Ocean's End is a narrative non-fiction
account of the ongoing destruction of the
world's oceans and what can be done to
save them. Readers are taken on a global
journey -- from the Grand Banks of
Newfoundland and the coral reefs of Belize
to the tiny atolls of the central Pacific and
the collapsing ice shelves of Antarctica --
to witness how people's lives are already
being affected by the impoverishment of
our ocean planet.
Warmly received by critics and adopted by numerous university
courses, Ocean's End has been released in Chinese by the
Shanghai Translation Publishing House. Available in hardcover
and paperback from Basic Books.
"[This] chronicle of Colin Woodard's travels through the
world's marine disaster zones, aims for the emotional
clarity of the anecdotal with a chillingly microscopic account
of just how our various follies have come about... Woodard
is a tremendous reporter - anyone doing Web searches on
environmental problems will repeatedly come across his
articles from a variety of newspapers. And he is a strong,
impassioned writer as well."
-- Bill McKibben, Boston Sunday Globe, July 9, 2000
"This is a very disturbing book--and it's meant to be.
Journalist Woodard gives us a wake-up call that our oceans
are in trouble and that we have to act now if we are to save
them and ourselves from destruction. In a manner
reminiscent of Rachel Carson's Silent Spring, Woodard
describes his journeys to a variety of endangered areas: the
possibly already-destroyed Black Sea, the bleaching coral
reefs of Belize and the Caribbean, the collapsing fisheries of
Newfoundland and the North Atlantic, and the shrinking ice
shelves of the Antarctic Peninsula. In addition to his own
observations, Woodard includes a solid background of the
history, politics, and science of each area of focus. He
concludes with a prescription for the global action that must
occur if we are to turn the problem around, and it is just
possible that it can be done. Woodard has done his part by
writing the book. Our first job is to get the book (and
others like it) into our libraries and then into the hands and
minds of our patrons. Highly recommended for libraries at
all levels, especially public libraries."
-- Library Journal, 14 April 2000, STARRED REVIEW
"Part travelogue and part ecology lesson... an informed,
balanced, and constructive account..."
-- Foreign Affairs, November, 2000 / December, 2000
"Let's get right to the point of this review. Everyone who
lives near, works or plays on an ocean should read Ocean's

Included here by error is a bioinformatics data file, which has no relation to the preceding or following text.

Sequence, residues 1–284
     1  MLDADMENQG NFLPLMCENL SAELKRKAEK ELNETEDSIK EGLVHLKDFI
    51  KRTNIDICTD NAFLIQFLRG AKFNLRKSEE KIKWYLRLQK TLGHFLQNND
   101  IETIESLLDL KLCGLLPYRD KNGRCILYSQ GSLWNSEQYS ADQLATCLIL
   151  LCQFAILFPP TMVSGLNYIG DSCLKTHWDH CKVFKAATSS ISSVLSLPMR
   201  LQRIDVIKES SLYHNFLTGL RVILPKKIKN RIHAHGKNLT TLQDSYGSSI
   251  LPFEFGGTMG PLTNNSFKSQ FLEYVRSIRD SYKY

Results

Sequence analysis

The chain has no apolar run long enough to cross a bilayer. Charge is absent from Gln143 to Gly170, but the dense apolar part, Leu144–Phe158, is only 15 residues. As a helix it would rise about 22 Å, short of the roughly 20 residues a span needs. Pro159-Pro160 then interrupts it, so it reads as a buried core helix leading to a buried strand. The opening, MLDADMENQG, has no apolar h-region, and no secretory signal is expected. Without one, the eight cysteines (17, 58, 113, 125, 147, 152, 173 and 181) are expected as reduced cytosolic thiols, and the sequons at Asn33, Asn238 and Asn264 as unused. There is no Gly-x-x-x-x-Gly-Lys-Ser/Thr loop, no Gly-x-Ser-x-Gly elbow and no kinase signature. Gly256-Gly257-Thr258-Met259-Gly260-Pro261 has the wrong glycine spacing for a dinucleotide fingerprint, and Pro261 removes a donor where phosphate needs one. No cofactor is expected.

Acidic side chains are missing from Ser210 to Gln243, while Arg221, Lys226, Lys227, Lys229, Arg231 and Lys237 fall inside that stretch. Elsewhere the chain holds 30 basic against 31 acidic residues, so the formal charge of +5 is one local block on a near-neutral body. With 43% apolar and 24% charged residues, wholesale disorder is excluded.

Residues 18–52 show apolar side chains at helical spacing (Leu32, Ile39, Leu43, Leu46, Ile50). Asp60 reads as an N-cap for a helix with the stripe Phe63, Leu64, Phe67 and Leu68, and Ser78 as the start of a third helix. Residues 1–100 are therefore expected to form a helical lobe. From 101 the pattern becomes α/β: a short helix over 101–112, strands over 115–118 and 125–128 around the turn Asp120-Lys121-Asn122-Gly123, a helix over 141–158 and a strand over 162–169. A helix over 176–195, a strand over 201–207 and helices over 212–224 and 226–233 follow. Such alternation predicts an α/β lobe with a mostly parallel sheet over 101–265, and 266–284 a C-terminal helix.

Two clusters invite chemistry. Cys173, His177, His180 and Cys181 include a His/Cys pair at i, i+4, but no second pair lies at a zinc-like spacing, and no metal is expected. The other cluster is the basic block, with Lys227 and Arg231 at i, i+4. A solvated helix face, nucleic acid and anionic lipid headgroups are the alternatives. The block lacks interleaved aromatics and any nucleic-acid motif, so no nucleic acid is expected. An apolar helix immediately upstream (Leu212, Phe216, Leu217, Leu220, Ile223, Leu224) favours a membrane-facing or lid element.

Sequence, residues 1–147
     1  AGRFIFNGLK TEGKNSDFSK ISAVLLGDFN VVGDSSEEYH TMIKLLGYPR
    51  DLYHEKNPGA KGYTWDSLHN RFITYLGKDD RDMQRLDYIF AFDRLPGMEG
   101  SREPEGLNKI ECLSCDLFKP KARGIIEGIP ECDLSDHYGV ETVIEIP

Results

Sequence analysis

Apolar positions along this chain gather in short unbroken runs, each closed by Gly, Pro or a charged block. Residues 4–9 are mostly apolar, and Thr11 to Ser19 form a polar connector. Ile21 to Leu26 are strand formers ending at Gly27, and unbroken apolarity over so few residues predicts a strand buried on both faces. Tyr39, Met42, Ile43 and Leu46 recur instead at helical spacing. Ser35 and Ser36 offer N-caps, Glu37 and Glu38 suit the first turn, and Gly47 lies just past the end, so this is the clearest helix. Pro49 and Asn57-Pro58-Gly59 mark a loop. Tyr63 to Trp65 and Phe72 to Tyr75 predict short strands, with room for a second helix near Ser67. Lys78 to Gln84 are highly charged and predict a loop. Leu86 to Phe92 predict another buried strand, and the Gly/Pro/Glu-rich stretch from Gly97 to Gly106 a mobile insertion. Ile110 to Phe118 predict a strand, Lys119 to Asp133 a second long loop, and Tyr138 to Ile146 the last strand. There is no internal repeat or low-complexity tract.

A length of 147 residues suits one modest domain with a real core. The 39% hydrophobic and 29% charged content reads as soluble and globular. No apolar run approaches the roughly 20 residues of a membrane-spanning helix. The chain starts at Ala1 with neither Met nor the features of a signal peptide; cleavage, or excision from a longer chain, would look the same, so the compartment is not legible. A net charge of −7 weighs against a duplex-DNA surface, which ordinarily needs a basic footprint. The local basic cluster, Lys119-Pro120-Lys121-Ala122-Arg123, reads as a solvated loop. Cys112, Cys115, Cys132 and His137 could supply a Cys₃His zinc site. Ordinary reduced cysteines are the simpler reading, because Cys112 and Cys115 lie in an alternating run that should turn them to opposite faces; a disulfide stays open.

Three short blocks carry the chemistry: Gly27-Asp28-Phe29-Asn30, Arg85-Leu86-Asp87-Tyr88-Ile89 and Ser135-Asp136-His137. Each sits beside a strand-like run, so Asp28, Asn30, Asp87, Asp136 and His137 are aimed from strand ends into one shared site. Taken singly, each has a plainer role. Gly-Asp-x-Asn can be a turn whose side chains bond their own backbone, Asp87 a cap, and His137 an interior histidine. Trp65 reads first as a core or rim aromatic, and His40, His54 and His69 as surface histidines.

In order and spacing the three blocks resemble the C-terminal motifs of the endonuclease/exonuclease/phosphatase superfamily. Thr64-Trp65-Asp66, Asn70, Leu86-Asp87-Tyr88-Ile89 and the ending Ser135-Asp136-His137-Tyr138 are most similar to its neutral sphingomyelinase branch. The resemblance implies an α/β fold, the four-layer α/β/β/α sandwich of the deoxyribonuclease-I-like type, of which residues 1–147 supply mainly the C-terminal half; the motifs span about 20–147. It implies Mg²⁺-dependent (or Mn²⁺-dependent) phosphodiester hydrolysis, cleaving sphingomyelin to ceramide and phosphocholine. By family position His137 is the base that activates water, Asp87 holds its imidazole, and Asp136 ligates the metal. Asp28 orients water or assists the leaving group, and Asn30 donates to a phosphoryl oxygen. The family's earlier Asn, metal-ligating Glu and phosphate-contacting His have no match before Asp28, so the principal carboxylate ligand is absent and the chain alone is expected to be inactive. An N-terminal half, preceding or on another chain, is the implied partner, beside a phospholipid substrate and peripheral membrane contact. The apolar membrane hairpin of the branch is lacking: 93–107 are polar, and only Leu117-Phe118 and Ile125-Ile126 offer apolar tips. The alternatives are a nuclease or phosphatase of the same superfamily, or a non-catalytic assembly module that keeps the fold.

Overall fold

End. Heck, everybody who breathes should read it! Ocean's
End is a riveting page turner...Not all travel books are about
pleasant treks through Provence or Tuscany. This one,
however, is more important to read than all the others
-- MaineHarbors.com, August 2000
"If current literature on water were to be collected and
canonized, this book would be the equivalent of Jeremiah....a
passionate, powerful travelogue..."
-- Dallas Morning News, July 23, 2000
"As divers we have the responsibility to protect the sea...
With his frank observations, [Woodard]...influences with
fact, rather than fluff... [and] offers logical and practical
solutions to the destruction rather than simply pleading for
action... an important message for divers around the world."
-- Skin Diver, August 2000
"Ocean's End is a wake-up call for those who see the watery
part of the world as the final terrestrial frontier...a book that
every sailor should read..."
-- Sailing, July 2001
"Woodard's quietly passionate and focused presentation
leaves little doubt about the gravity of the water world's
-- Kirkus Reviews, March 1, 2000
"Easy to understand but hard to forget... The weight of
evidence...is overwhelming... Each story is an expertly
-- East Bay Express (Berkeley, CA)
|Reviews of Ocean's End: Travels
Through Endangered Seas
|(c) 2003-2007 Colin S. Woodard; All rights reserved.
U.S. & Canada:
Chapter 4 of Ocean's End
describes the vulnerability
of Louisiana and New
Orleans to hurricanes,
rising seas, and other
predicted effects of global
warming. In 1998, officials
already planned to use the
Superdome and downtown
hotels for "vertical
evacuation" in the event of
a direct hit, like Hurricane
Chapter 7 of Ocean's End
contains firsthand accounts
of the melting of
Antarctica, including the
possible loss of the West
Antarctic Ice Sheet.